Some of that is promotion of "The Best in the World: At What I Have No Idea," his third memoir, but a lot of it is because the Ayatollah of Rock 'n' Rolla gives great interviews. Case in point, his recent interview with Bryan Alvarez on F4WOnline.com. Just when you thought nobody could have any new, relevant, first-hand information about CM Punk, Jericho comes through.

"I don't know (if he's coming back), I don't know really anything about Punk," Jericho said. "We used to talk quite often and not really about wrestling stuff. ... We always had great chemistry and he's one of my favorite guys to work with. And then when he left the WWE he never talked to me again. I never heard one peep or squeak or anything from him again. I reached out to him a couple times just about, you know, 'hey, I'm watching The Clash from '78' or whatever and nothing. That's his decision, and it's kind of a drag. I understand professionally not wanting to be open but kind of leaving your friends behind? I don't give a fuck if he wrestles or not. It doesn't matter to me; it never did."

While that's the extent of the "news" that Jericho has concerning another wrestler who called himself the Best in the World, he can relate based on his own experience in the middle of the last decade:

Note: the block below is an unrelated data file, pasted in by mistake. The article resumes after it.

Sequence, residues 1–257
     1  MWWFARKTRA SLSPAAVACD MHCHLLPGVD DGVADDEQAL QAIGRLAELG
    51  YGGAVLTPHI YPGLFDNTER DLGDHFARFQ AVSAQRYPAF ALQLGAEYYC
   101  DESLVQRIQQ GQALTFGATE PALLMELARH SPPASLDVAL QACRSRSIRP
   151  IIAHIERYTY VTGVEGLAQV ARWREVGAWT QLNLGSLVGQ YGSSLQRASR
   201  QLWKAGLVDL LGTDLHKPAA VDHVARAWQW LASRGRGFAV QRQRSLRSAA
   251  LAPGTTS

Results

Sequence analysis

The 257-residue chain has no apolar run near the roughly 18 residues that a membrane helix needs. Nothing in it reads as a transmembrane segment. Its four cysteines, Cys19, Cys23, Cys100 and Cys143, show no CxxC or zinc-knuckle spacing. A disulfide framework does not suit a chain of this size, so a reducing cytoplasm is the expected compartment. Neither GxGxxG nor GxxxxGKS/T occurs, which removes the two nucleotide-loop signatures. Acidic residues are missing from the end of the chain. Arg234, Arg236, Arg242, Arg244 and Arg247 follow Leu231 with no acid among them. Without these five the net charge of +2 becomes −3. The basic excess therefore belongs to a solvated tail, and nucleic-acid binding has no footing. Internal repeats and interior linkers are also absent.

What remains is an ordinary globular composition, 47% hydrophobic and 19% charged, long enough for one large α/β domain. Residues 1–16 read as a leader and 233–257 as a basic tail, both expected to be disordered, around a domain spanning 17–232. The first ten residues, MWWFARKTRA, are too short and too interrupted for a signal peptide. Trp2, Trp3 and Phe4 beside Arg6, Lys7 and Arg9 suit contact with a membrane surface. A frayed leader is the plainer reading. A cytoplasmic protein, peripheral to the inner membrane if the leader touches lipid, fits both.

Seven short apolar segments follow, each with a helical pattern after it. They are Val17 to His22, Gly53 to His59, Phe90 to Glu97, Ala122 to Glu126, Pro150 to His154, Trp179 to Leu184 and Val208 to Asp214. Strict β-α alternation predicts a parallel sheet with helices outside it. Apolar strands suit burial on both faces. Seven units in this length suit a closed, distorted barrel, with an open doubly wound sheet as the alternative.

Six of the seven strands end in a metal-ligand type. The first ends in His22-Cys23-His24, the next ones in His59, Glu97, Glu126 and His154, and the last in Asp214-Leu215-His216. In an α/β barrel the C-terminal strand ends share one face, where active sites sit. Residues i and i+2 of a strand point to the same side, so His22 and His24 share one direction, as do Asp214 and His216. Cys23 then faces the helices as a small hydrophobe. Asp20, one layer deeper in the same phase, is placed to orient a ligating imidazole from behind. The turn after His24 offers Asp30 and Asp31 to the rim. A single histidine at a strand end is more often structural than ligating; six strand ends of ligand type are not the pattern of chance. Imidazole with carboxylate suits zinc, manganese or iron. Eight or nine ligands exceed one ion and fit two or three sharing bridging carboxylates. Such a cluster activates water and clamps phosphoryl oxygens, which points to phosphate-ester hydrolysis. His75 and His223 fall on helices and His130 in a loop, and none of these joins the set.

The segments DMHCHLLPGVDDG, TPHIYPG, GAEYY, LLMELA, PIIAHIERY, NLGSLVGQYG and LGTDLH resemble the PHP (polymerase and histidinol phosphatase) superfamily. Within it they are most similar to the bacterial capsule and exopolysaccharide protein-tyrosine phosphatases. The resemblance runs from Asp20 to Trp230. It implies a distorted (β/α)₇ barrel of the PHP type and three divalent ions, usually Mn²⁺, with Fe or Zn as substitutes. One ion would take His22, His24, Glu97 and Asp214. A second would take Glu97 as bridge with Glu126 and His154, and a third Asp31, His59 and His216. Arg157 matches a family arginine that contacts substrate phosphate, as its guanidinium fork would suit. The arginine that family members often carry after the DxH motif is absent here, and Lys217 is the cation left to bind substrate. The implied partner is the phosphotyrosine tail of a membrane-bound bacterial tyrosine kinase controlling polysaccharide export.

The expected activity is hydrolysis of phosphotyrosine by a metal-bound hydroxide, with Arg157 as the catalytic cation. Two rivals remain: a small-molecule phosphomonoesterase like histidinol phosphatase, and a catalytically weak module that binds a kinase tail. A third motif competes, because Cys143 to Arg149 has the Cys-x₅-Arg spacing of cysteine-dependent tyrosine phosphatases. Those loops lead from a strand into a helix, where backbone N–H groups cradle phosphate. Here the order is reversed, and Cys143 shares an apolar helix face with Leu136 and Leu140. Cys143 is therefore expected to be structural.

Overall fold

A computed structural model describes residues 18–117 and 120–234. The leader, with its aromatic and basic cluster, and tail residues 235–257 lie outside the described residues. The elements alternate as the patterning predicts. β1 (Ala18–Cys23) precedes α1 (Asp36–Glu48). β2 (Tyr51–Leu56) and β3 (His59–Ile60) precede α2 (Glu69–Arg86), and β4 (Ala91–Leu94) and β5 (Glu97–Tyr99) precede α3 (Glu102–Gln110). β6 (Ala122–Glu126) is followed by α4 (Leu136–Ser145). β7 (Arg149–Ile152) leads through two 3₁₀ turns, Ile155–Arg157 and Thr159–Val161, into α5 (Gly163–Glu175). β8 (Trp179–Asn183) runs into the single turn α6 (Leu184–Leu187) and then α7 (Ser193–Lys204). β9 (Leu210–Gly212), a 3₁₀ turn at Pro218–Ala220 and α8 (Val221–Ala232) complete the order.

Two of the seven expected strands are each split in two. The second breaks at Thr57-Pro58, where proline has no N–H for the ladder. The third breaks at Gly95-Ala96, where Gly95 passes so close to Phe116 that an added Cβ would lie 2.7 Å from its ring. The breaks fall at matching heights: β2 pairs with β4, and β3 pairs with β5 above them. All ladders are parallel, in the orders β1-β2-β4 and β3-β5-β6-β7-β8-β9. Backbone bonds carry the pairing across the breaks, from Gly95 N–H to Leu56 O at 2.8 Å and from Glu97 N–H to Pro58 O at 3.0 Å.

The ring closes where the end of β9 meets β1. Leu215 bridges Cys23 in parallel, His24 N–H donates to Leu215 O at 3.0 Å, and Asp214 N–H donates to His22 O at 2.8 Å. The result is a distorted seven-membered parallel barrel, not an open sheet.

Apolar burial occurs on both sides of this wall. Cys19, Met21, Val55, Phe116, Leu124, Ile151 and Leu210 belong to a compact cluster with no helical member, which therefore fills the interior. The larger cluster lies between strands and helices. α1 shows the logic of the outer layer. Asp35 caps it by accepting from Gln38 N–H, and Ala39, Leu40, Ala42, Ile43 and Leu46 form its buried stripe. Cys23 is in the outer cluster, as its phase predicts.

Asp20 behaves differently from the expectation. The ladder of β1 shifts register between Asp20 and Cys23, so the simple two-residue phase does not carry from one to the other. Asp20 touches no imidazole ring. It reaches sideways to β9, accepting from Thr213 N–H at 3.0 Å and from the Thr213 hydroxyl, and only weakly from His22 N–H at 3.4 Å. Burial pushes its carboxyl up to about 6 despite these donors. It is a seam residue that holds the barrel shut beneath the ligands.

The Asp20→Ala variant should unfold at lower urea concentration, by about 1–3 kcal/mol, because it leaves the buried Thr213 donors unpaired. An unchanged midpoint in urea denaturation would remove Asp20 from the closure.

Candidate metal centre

"You know, I went through the same thing he did in 2005. I was burned out, did not want to wrestle. The only difference was I kind of timed it out so I knew my contract was coming up and this is it. And they even came to me to re-sign me but I cut them off at the pass. I said 'don't even say anything because I'm not re-signing'. Because I didn't want them to think I wasn't re-signing because of money, because I knew they were going to cut my salary. I knew it, I could tell, I could just tell. What I was doing, I was getting lower and lower on the card and they were having a meeting with Vince and Johnny Ace, 'we need to talk to you about your deal; we would like to re-sign you but...' 'Stop right there. Don't even say a number because I'm not coming back.' 'Really?' 'No.' 'You sure?' 'Yes.' 'Well, when can we see you again? Five months?' 'Nope.' 'Six months?' 'Nope.' 'A year?' 'Nope.' 'When are you coming back?' 'I don't know, but it's not going to be anytime soon,' and it took two and a half years. People forget that. Two and a half years I was gone, and didn't watch wrestling, at all."